Seven Implications for the Coming Retirement Revolution

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Dan Richards

Most advisors look to seniors as a core part of their client base.

That’s why it’s essential to understand how boomers are going to transform retirement, just as they have redefined every other stage of their lives.  Let’s look at three new pieces of research and the seven implications they carry for retirement planning.

A leading researcher’s perspective

Michael Adams is founder of Environics Research Group, a leader in social values research and author of a recent book on boomers in retirement. He contrasts the attitudes towards retirement of today’s early boomers (aged 53 to 62) with the previous generation of retirees, who were in their sixties in 1992. As an example, he looked at today’s intentions for retirement among boomers compared to early retirees 20 years ago. Boomers are dramatically more likely to plan to engage in active outdoor pursuits, explore exotic places and take classes to develop their interests.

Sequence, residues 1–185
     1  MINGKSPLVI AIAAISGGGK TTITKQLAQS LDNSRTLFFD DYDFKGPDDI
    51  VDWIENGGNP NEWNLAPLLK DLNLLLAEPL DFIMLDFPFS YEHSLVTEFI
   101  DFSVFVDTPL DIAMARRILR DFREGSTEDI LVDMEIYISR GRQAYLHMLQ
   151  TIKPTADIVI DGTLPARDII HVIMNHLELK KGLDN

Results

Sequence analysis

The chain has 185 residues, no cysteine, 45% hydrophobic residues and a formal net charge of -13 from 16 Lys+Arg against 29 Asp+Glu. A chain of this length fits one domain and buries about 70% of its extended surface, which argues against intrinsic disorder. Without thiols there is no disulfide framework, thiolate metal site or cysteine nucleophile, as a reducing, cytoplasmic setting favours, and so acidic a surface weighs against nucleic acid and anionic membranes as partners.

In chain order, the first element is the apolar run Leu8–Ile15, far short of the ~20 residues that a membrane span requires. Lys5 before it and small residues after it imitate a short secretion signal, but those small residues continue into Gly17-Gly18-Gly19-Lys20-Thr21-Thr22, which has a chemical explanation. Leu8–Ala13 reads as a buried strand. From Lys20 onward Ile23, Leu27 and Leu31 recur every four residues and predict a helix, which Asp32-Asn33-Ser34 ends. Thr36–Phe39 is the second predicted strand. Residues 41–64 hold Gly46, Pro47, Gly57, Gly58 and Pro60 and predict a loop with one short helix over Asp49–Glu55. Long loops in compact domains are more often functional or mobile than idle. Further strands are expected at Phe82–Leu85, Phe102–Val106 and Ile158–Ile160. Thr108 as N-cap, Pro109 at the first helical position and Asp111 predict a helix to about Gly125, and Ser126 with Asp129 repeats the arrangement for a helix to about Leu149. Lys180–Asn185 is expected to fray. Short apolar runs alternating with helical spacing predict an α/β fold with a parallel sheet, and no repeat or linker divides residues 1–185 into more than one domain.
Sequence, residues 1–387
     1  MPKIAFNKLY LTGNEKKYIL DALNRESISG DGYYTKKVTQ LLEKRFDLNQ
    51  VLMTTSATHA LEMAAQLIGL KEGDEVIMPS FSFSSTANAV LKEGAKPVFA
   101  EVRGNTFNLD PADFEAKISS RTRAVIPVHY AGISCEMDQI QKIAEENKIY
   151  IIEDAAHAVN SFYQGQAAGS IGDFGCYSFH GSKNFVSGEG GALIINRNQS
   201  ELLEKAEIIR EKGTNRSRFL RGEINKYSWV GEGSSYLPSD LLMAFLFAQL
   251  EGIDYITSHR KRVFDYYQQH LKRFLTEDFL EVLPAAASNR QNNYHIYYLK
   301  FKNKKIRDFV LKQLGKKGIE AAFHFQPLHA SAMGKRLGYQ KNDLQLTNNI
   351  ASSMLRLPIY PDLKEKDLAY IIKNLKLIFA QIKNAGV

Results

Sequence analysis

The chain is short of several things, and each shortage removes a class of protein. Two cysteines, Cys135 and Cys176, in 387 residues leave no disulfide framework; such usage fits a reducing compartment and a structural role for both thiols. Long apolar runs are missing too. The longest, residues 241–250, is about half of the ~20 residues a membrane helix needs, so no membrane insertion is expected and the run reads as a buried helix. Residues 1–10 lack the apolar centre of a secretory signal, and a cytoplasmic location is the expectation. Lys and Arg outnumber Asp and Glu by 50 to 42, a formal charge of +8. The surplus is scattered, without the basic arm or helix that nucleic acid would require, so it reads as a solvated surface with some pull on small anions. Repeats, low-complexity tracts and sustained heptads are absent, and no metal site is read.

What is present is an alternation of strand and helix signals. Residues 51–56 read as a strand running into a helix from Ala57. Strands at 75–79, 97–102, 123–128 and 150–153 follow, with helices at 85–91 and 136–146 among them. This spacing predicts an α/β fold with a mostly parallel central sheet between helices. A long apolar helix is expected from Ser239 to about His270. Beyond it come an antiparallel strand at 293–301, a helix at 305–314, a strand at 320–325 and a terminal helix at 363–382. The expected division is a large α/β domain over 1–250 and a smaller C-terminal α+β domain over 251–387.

They’re also more likely to be concerned about having enough money throughout their retirement; six in 10 intend to work in retirement, almost twice the level of retirees in 1992. 

This will lead to stresses as boomers’ “I want it all and I want it now” mindset clashes with their ability to pay for this – and will also challenge advisors in developing retirement plans to fund some of those planned activities.

Not their parents’ retirees

A recent Merrill Lynch survey of affluent American boomers aged 46 to 64 provides hard data on the extent to which boomers are planning to operate entirely differently in retirement than previous retirees.

Here are some of the survey findings among these boomers, all with investments of at least $250,000. First of all, they were asked to compare their expectations to their parents’ retirement:

  • 86% plan a more active lifestyle
  • 84% say their retirement will  look different
  • 72% expect a higher standard of living

Digging deeper in the kinds of activities boomers anticipate in retirement confirms some of the data from Michael Adams’ research:

  • 70% plan to keep working
  • 32% expect to pursue additional professional success
  • 26% anticipate to take courses and continue their education
  • 24% plan to learn a new trade
  • 20% expect to start or further their own business